How Digital Ethics Enables Trust in Business AI
Technologies summarized under the label of “Artificial intelligence” (AI) open doors to new possibilities that can enrich the lives of many humans. This is the first part of a two-part blog that shows that digital ethics can be helpful to manage the risks arising from expected changes in the labor market and our society. The second part proposes a checklist that covers ethical design challenges for business AI.
A growing automation level may finally lead to a world in which all humans need to work just a few hours a week – even if it will be a challenge for humanity to get there without social unrest. The trend is supported by the tendency to realize intelligent enterprises by using embedded AI systems in production and business management. Personal assistants will be the spearhead of a new generation of user interfaces.
Intelligent systems will be able to communicate with users in the style of human communication. Where Mr. Spock in the Star Trek Universe needed to press buttons to interact with machines, there will be voice and gesture recognition and maybe thought-controlled interfaces. Using, for instance, augmented reality glasses, everything can become a device – because any wall or table can be augmented with controls useful to interact with AI.
Sounds like a bright future for the coexistence of humans and machines. We just need to ensure that we do it intelligently – ensuring that IT primarily serves humans. As with any advanced technology, the impact of AI on individuals and human society is difficult to assess for a variety of reasons: it’s new; there haven’t been a lot of positive experiences yet; people fear losing their jobs for efficiency reasons; or, because they think AI is taking over. This results in a lack of trust in AI. Nevertheless, for successful integration of AI technologies in our daily business and for broad acceptance, user’s trust is crucial. The challenge is that trust is not built just on the exchange of computational results; it happens on a personal level. For example, if a personal assistant is quite helpful but unveils privacy related data or has an unpleasant voice, then humans will not place their trust in it.
We need to show that trust and automation efficiency can be partners, helping each other to grow. A valid starting point would be a set of design principles to use in the architecture of systems for the Intelligent Enterprise. Here is a proposal, developed and used by SAP Design:
- Intelligent automation: When driving the automation of a process, it should be done with caution and foresight.
- Human augmentation: Technology should be used to augment and improve human capabilities rather than patronize people.
- Keep humans in the loop: Users rely on honesty, transparent processes, and reasonable methods, to come to their own conclusions – also without AI.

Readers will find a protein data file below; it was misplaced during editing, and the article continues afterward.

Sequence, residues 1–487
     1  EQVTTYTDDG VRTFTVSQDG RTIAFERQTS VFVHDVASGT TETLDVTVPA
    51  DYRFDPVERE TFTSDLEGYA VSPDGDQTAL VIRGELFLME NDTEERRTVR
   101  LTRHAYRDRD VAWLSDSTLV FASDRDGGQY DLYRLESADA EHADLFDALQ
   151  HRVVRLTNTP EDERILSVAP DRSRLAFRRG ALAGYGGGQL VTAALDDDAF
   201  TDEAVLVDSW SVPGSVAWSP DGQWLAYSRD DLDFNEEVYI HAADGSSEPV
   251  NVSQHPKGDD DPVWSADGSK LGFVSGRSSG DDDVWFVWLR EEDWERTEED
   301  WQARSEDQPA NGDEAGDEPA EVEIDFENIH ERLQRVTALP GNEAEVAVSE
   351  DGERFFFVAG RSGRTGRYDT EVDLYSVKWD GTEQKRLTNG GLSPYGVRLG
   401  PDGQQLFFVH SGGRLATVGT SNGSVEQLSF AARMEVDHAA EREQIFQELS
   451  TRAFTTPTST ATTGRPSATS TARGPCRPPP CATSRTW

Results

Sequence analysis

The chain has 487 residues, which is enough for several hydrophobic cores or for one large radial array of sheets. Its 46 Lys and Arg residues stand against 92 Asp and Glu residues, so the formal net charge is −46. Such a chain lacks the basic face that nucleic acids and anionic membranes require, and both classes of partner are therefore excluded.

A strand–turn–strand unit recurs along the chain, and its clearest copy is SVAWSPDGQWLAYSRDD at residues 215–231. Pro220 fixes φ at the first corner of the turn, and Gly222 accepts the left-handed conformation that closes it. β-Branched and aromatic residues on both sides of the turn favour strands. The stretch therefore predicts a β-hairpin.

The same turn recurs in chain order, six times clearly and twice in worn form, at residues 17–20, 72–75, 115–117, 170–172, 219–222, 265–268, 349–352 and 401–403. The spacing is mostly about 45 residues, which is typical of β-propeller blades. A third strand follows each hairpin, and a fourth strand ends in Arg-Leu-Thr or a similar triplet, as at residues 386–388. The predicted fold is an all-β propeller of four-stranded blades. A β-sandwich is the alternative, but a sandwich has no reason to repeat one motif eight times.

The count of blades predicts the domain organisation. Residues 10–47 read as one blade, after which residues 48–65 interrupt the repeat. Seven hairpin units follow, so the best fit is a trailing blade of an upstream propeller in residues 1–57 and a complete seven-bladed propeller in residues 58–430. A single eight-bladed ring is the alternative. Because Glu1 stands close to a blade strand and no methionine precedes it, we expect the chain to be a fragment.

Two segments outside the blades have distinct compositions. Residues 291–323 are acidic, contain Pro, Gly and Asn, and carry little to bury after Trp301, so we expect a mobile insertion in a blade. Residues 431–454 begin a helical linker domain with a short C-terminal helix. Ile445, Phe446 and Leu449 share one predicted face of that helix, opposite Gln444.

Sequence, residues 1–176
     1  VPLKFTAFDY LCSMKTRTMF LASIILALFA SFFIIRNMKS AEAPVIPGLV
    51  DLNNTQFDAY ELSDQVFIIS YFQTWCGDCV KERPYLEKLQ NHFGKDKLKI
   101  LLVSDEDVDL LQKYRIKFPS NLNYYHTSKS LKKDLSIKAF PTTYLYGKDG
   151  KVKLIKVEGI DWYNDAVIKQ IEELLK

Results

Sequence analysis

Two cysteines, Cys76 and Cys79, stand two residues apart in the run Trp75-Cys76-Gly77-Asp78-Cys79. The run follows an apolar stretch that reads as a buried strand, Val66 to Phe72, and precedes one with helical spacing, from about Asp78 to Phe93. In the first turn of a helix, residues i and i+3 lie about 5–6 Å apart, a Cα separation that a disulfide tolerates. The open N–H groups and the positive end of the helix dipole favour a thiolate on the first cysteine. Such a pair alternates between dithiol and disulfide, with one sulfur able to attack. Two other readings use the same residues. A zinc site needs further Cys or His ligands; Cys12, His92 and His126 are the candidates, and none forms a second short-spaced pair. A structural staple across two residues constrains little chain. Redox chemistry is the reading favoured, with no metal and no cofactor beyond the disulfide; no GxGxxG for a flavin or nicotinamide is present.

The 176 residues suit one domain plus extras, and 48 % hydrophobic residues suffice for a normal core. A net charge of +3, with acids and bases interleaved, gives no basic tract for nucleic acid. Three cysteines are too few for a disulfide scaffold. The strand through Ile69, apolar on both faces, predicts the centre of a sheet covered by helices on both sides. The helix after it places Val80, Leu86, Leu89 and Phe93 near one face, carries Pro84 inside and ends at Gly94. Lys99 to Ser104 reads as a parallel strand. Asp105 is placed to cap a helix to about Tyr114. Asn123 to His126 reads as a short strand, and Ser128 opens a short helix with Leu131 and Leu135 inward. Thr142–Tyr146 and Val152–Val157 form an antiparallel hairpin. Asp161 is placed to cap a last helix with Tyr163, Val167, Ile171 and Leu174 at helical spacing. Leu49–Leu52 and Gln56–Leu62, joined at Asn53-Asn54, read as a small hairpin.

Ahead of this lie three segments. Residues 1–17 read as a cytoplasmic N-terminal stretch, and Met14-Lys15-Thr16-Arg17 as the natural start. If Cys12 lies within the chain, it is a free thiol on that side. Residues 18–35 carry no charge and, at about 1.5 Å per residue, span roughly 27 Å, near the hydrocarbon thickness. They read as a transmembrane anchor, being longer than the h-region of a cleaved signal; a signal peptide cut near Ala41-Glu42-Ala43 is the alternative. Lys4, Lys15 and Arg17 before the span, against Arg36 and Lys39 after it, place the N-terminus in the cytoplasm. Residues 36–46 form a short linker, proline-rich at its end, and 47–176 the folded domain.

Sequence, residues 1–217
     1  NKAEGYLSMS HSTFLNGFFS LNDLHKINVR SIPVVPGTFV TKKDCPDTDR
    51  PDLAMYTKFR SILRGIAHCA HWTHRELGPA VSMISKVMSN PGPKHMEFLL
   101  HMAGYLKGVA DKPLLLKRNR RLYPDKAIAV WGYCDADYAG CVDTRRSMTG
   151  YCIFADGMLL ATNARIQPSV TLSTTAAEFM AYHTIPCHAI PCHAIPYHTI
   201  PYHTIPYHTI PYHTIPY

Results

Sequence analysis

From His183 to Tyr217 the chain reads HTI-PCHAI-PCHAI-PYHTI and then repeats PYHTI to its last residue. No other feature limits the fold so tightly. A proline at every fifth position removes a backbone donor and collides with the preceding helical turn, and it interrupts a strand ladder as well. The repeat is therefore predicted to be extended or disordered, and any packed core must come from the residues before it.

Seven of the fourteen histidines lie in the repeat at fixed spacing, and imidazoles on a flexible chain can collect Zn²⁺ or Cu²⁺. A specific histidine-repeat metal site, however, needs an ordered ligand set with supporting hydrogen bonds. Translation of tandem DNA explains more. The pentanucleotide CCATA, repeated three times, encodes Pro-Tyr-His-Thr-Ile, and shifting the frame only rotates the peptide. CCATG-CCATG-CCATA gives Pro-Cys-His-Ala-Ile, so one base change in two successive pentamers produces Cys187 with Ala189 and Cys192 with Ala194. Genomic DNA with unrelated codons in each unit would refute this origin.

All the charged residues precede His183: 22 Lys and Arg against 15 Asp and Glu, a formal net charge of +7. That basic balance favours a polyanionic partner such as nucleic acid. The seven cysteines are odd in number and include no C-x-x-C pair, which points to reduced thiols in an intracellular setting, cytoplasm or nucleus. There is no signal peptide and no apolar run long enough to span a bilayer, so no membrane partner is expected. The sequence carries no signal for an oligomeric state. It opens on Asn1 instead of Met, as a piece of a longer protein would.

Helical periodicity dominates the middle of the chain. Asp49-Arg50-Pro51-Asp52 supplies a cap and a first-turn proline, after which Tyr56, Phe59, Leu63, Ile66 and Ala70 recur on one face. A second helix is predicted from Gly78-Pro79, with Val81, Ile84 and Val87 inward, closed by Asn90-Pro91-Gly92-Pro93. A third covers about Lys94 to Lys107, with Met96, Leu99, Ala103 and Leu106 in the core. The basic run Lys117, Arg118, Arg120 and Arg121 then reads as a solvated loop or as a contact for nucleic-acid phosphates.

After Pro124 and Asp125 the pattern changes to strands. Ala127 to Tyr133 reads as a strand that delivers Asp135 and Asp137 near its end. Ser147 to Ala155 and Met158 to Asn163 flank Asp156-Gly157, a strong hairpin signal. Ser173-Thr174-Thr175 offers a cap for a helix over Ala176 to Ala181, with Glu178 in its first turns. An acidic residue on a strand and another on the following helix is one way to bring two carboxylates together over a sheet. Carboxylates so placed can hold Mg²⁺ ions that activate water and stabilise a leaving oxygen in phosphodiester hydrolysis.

- Digital ethics: We must seek out AI partners who subscribe to human ethical values and social behavior. Two important elements will be managing bias and potential misuse.
In fact, the last principle has the power to connect trust and efficiency. If an AI behaves along broadly accepted ethical lines, humans can be sure to be treated fairly and individually, even in times of automation. Read more about why digital ethics matter.
Trust can also be built by using a communication style similar to that used by humans, finally fulfilling the requirements of the Turing test. Therefore, AI would need to consider cultural and social conventions which are even beyond ethical rules. Such conventions may depend on the age of the user, and the user’s social environment. Of course, trust requires that AI complies with legislation and especially data privacy regulations. These topics are important but will not be looked at in depth here.
Before we can start to implement or build AI systems, we need to think about the potential impact. We need to define goals, requirements, and operational boundaries from a human perspective. Let’s start with an inventory of the system’s tasks and boundary conditions. Being aware of related questions helps to find out in which areas ethical challenges are waiting.
Inventory – what will AI do, and which impact can be estimated?
- Which tasks of the AI system might affect human life?
- Will machines be better than humans at this task? In which areas?
- Will humans benefit from the handover to AI? Which user roles will benefit?
- What advice will be given and which decisions are made by the system?
- Which specific types of information will the system be allowed to handle (inbound, outbound)?
- Which type of information will the system need to learn?
- Could there be situations which require specific ethical behavior (e.g., emergencies)?
- List the technologies that will be used (e.g., UX, machine learning, …)
- List the physical entities that can be accessed or affected (e.g., production machines, robots, traffic lights).
- Will environmental sustainability be improved by using AI?
Knowing what AI should do and how it is supposed to improve human life, we can start thinking about potential ethical challenges. A checklist of questions is helpful to consider aspects of ethical systemic behavior in specific situations. A proposal for a set of questions will be covered in the second part of this two-part blog.